THE FOUR-POUND ROCK CAME TO US free of charge, a gift from the heavens, hurtling through the atmosphere and plummeting to Earth without the aid of astronauts, space stations, or the National Aeronautics and Space Administration. Before that time it had existed placidly for more than four billion years as part of the surface of the planet Mars, oblivious as the climate shifted from balmy to harsh, as the water that once flowed freely mysteriously vanished, as meteorites bombarded the planet and fractured the ground. At some point, a signal event occurred: A particularly violent meteorite collision launched the rock into space, where it floated, ignored and unimpeded, for 16 million years. Then came another signal event: The rock succumbed to the inescapable pull of Earth’s gravity. Glowing from the heat of its descent, the rock formed a thin shell around its inner core, protecting its history within.
It landed in what is for meteorites the neighborhood of choice: Antarctica, the pristine, sterile, keep-to-yourself continent. There the rock lay for 13,000 quiet years. Having missed the era of dinosaurs, it now remained profoundly anonymous during the creation of cave paintings and the construction of the pyramids, during the rise and fall of the Roman Empire, the French Revolution, the two world wars, and Elvis. And then, with the crunching of snow boots on a jagged ice field in 1984, the rock had its first contact with humanity.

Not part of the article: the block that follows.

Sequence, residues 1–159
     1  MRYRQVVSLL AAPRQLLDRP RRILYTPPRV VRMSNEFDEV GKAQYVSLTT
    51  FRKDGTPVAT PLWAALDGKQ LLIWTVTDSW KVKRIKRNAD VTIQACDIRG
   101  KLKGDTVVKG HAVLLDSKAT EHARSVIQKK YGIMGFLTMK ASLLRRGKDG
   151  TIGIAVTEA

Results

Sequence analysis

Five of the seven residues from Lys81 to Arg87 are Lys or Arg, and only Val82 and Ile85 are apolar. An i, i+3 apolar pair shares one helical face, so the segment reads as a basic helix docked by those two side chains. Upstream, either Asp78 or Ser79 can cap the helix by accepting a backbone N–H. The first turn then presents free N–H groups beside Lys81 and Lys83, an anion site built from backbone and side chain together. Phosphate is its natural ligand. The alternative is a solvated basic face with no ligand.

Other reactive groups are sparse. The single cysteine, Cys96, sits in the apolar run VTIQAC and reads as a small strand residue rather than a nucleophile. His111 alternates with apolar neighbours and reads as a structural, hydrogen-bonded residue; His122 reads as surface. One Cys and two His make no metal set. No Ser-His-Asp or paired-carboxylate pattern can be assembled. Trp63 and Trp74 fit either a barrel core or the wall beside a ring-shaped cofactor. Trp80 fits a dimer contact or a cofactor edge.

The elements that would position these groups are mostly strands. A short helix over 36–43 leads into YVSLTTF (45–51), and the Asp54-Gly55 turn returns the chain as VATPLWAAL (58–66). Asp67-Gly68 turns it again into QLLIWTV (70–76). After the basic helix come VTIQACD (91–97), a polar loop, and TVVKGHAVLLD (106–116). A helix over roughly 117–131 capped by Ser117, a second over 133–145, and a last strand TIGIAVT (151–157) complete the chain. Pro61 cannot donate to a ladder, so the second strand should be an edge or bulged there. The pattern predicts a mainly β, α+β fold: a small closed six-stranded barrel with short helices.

It was picked up on a routine meteorite-gathering expedition by a NASA scientist who was drawn to its luminous green cast, an attraction that owed everything to her green-tinted sun goggles. It was flown back to the agency’s Johnson Space Center in Houston, where it was wrongly identified as a diogenite—an asteroid fragment—and sequestered in a nitrogen-enhanced cabinet when it wasn’t being examined. No one except a few NASA planetary scientists (scholars who devote their lives to the study of planets) paid the rock much mind until 1993, when an old NASA hand who happened to be one of the world’s experts on diogenites found it troubling. He ran a few tests, scratched his head, and ran a few more. The rock was similar to a diogenite, but it wasn’t a diogenite. In fact, its chemical characteristics resembled those of only eleven other rocks on Earth, all of which, science had determined, came from the same place: Mars.
As word of